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IN SEARCH OF TRUST
Rick Reilly
November 23, 1987
Dexter Manley of the Redskins thought the world had betrayed him—until he faced his daughter's illness and his own alcoholism
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November 23, 1987

In Search Of Trust

Dexter Manley of the Redskins thought the world had betrayed him—until he faced his daughter's illness and his own alcoholism

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One morning in October 1985, he reportedly came to practice late after having drunk too much the night before, realized he shouldn't be there and floored his way out of the driveway at Redskin Park and into a tractor-trailer. "I could've killed him," said the stunned truck driver. Manley, unharmed, passed a blood-alcohol test and then walked into Gibbs's office and convinced him that emotion, not liquor, had caused the accident. Gibbs told reporters that Manley was under a lot of stress due to the poor health of his mother.

Why alcohol now? Was ego Manley's problem? He had gotten a Mohawk cut in 1983, called himself Mr. D and lapped up the publicity. Later, however, he admitted, "All the attention may have gone to my head."

Was it loneliness? "I've always been an outsider," he says. Now his mother was in bad shape. She had a brain tumor, she was a diabetic, and she had undergone a mastectomy. Following neurosurgery, Jewel lean had to learn how to walk, talk and eat again. "It's not the Mom I knew," he says. "I miss that relationship."

Was it burdens? Manley was helping support his mother and Cynthia, now 32, who was taking care of her. He had married Glinda in 1984 and had two more children, Dexter II ("Not Junior," he has said, "Dexter II. Sounds classier"), now 2½, and Dalis, now 18 months. Doctors told Manley that his daughter was born with fibrous dysplasia, a rare disease that prevents bones from forming properly. They thought Dalis's right leg might have to be amputated.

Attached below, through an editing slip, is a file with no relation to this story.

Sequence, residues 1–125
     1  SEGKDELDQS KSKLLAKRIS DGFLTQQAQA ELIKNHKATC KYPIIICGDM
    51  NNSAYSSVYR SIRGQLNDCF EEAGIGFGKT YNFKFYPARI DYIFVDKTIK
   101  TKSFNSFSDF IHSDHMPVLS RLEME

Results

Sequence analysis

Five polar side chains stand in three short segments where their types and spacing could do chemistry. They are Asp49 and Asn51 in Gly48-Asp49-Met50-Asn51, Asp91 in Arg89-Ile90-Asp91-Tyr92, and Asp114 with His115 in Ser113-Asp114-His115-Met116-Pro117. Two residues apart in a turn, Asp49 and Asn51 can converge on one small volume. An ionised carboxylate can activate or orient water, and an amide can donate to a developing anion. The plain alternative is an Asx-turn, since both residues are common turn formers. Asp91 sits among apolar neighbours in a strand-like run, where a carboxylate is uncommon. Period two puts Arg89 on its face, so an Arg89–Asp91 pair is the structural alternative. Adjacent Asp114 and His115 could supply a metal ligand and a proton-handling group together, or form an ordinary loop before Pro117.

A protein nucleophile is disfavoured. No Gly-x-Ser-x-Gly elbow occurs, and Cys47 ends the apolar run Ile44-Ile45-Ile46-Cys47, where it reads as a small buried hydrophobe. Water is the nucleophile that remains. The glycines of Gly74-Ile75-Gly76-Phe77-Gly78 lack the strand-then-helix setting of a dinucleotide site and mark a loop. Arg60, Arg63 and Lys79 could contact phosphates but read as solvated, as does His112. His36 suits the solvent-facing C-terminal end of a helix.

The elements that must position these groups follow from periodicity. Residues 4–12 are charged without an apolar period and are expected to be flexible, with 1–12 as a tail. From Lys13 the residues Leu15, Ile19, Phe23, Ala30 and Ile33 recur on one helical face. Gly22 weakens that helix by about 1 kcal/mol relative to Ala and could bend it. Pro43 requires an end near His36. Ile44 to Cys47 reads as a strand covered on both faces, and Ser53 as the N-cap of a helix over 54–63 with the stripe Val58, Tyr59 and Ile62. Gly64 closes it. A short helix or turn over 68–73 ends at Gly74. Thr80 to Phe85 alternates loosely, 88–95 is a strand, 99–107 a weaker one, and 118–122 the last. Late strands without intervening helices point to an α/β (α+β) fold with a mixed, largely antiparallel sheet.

"I was just...angry," recalls Manley. "I didn't trust the doctors." More trouble. More responsibility. They were strapped to his back like a refrigerator. "Think about what he went through," says Glinda. "All this responsibility thrown on him. His dad dies and his brother is killed, and all of a sudden he's the man of the house. A girl gets pregnant and he marries her. He never asked for any of it."

One good thing about gin and tonics—they never ask for anything. Manley drank them as if they were a cure. "My self-esteem was low," he says. "Sometimes I think it was from not enough attention. Sometimes I think it was from too much."

Last Dec. 26 he missed a practice two days before Washington was to play the Los Angeles Rams in the NFC wild-card game. He was asleep in his town house. When he woke up, he was ashamed and scared. He had never missed a practice. In fact, Manley normally gets to practice before anybody else. On his off-day, he runs hills backward, forward and stutter-step and then works out with a track coach. One year he showed up at Redskin Park to lift weights two days after the season ended. Now he was sleeping through practice? "Something was wrong," he says. The Redskins reportedly fined Manley $1,000.

On March 10, 1987, Manley was out for a serious relationship with 10 or 12 gin and tonics. When he awoke the next morning, Glinda glanced at him and realized that he didn't look right. She called an ambulance. Two days later he checked into the Hazelden Foundation, a drug-and-alcohol-rehabilitation center in Center City, Minn.

Says Manley, "I looked at the people in there, people in real bad shape, and I said, 'This isn't for me.' But after a while I realized I needed to listen and shut up." After two days, he continues, "I realized we were all the same. We were all uncontrollable with liquor." Manley was at Hazelden for a month.

Since then, he has been obsessed with beating the booze. He stopped talking to the press, he says, to stay humble. Hazelden gave him a book of daily meditations, and when he looked up June 15, the date of his dad's death, he found: "A father is a thousand schoolmasters—Louis Nizer." Now there was something he could trust. "I've always wished my father had been around more to teach me, to give me advice," says Manley. "Instead, I always had to be out beating people down on my own."

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